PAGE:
The debate over whether alcohol abuse is a disease or a choice is not resolved, although more and more scientists are supporting the disease model. Prolonged alcohol abuse chemically restructures the alcoholic’s body and brain and causes the difficulties in withdrawal, according to current scientific research, and there is much evidence that certain individuals are born with a proclivity for addiction to alcohol. AA’s main problem is that its central metaphor of “alcoholism as disease” clashes with various other aspects of AA’s program. If alcoholism is a disease, then why blame the alcoholic for the moral failure of not staying sober? If alcoholism is a disease, then why does AA resist the use of drugs like naltrexone to lessen the desire to drink? If I had a disease like cancer I would do everything in my power—prescription drugs, radiation, chemotherapy, surgery—to control or eliminate that disease. I certainly wouldn’t sit around making a “fearless moral inventory” of my personal failings, asking for forgiveness for my moral shortcomings, then seeking moral support from a god that doesn’t exist when cold, hard science is crucial to my cure. Or, as Gabrielle Glaser wrote in her recent Atlantic Monthly article “The Irrationality of Alcoholics Anonymous”: “Why do we assume they [alcoholics] failed the program, rather than that the program failed them?”

Aside from Glaser’s excellent article there is a whole website (orange-papers.org) devoted to systematically and thoroughly debunking AA—its history, program, and claims. AA is ranked 38th out of 48 common alcohol treatment methods, not very effective at all. Given that it is “anonymous,” recovery statistics for AA are hard to come by and even harder to verify. The Sober Truth: Debunking the Bad Science Behind 12-Step Programs and the Rehab Industry by Lance Dodes puts the actual success rate for AA somewhere between 5 and 8 percent. Every disease has a spontaneous remission rate, and Harvard Medical School calculated that the annual rate of spontaneous remission in alcoholics is around 5 percent. Which means that AA’s track record is at, or at most just 3 percent higher than the spontaneous remission rate for alcoholics. Hardly worth all the hoopla surrounding AA’s supposed successes.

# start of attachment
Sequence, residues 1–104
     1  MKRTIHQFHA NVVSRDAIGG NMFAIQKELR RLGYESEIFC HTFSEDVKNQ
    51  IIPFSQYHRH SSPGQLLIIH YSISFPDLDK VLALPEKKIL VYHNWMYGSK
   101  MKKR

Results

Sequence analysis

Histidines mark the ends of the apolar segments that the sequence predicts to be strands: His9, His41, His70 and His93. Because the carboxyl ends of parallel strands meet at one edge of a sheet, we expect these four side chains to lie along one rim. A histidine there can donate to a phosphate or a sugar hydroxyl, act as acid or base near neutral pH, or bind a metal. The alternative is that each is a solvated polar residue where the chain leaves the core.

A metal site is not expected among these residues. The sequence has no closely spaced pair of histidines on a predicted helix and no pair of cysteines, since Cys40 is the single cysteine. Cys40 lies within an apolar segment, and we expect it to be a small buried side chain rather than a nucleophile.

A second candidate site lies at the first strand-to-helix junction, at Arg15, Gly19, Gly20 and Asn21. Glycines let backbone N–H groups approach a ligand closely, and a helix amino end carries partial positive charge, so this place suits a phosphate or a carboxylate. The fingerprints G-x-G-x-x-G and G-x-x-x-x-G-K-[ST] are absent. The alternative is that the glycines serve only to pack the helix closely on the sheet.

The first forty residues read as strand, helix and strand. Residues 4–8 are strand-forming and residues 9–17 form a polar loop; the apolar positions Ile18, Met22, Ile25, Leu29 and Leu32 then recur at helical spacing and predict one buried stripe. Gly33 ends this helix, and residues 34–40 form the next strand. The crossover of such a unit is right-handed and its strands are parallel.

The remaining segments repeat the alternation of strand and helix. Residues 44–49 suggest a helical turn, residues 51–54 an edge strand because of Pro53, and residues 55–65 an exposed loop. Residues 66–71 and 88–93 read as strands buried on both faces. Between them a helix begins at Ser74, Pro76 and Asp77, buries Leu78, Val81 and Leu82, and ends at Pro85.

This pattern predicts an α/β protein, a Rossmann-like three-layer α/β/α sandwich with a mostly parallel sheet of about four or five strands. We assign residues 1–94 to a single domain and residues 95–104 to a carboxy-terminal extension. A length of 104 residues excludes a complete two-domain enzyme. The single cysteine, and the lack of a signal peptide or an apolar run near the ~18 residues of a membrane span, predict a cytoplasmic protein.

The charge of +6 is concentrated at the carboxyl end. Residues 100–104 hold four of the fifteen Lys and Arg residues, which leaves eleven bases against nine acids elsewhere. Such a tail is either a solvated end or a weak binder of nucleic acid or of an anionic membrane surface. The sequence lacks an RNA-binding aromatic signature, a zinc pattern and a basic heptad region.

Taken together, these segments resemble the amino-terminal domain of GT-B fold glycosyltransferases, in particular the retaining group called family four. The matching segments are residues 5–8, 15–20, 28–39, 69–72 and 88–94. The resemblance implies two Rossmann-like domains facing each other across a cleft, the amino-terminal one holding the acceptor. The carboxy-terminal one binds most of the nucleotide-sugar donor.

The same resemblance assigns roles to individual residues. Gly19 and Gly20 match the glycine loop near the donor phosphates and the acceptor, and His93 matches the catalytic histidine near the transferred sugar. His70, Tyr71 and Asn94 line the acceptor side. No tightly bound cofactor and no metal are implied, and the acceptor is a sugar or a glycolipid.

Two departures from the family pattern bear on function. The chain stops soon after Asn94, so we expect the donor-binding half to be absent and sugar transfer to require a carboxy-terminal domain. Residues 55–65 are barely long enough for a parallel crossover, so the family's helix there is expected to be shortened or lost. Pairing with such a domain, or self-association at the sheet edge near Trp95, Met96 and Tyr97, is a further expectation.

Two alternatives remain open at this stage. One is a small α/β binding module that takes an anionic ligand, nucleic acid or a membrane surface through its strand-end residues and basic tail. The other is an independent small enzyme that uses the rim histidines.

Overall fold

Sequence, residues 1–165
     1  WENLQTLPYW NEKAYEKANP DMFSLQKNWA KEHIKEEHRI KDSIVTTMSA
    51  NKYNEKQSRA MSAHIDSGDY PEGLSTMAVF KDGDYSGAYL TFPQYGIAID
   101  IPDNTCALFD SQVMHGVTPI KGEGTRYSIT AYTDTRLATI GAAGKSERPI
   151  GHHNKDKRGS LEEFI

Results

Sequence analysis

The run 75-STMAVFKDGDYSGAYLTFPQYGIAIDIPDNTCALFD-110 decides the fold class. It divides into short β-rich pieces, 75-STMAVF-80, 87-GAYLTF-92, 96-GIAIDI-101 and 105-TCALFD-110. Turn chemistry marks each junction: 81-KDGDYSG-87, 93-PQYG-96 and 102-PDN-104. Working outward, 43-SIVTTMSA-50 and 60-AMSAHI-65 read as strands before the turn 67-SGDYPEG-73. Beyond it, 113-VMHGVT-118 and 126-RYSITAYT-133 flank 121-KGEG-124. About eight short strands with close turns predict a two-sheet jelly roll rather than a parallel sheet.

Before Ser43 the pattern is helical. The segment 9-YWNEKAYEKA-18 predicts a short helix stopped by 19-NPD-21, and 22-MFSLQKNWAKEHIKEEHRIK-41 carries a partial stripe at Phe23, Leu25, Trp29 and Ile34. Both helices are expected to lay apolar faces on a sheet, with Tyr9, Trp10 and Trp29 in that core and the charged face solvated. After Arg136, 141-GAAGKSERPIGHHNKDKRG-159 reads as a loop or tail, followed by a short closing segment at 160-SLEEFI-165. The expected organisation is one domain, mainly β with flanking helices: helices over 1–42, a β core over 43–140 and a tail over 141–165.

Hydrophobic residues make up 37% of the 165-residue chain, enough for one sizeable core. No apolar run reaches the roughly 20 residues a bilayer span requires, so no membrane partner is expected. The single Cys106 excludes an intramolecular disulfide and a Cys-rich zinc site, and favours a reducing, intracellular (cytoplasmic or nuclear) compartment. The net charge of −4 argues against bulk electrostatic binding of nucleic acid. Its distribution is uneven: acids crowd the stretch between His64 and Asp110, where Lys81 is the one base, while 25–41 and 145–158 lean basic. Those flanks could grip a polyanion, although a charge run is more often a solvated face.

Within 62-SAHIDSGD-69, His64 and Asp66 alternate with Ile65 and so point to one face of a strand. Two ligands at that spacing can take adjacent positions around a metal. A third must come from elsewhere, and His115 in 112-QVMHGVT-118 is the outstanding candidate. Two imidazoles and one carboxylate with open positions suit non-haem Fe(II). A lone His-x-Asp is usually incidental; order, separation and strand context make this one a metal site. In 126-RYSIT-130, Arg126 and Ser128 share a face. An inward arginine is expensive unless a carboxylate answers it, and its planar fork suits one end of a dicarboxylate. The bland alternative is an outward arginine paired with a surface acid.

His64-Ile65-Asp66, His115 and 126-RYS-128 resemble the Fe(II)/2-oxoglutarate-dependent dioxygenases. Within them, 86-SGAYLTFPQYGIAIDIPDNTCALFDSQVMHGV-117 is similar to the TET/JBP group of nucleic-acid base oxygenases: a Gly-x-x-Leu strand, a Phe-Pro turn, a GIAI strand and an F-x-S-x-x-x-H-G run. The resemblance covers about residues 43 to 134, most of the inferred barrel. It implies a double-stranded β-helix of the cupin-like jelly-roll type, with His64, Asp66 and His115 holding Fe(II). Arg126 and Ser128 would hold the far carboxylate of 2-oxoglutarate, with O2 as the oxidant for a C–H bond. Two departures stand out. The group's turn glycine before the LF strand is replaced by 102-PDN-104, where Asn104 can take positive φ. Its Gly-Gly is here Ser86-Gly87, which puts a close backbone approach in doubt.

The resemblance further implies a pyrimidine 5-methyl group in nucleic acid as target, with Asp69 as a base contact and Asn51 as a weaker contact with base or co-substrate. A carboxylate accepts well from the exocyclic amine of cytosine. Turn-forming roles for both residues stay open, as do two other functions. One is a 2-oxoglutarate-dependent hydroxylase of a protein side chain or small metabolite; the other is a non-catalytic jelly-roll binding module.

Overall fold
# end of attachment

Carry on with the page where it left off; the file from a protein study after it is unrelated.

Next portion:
But even one recovered alcoholic is success enough, many in AA would argue. Combine the abysmally low rate of recovery with other problems in AA such as 13th Stepping and AA’s cons far outweigh the pros. Thirteenth Stepping is when individuals, oftentimes mandated by law to attend AA meetings, take advantage of AA’s horizontal and relatively leaderless organization in general, and its unsupervised sponsor/sponsee structure in particular, to prey upon and sexually exploit newbies, most often young naïve girls. CBS’s 60 Minutes did an entire segment, “The Sober Truth,” that, along with The 13th Step Film by Monica Richardson, exposed the underreported realities of 13th Stepping. But the rampant problem of 13th Stepping is not even acknowledged, let alone addressed, by AA’s national/international organization.

When I was running around NYC back in 1988, I hung around a crew of friends and comrades, many of whom were heavy drinkers. And since it was a vacation for me, I was drinking more than my usual. One of my companions at the time wisecracked: “The liver is a muscle that must be exercised.” Well, the brain is also a muscle, and our capacity for analysis and coming to reasoned conclusions needs to be exercised as well. My judgment is still out on whether Picasso’s or Hemingway’s art was worth the human damage those artists inflicted. Not so with AA, where its paltry success rate is not offset by it problems, everything from its moralizing guilt tripping to 13th Stepping. There are lots of evidence-based non 12-step recovery and support programs out there, including a promising Buddhist-based one pioneered by Noah Levine called Refuge Recovery. As for AA?

Don’t believe the hype!

(Copy editing by K Raketz.)

Evidence-based Recovery and Support Groups

Secular
SMART: Self Management And Recovery Training
Women for Sobriety
Secular Organizations for Sobriety/Save Our Selves/SOS
LifeRing Secular Recovery/LSR
Harm reduction, Abstinence, and Moderation Support/HAMS
Moderation Management
Rational Recovery
Naltrexone/Sinclair Method

Buddhist
Refuge Recovery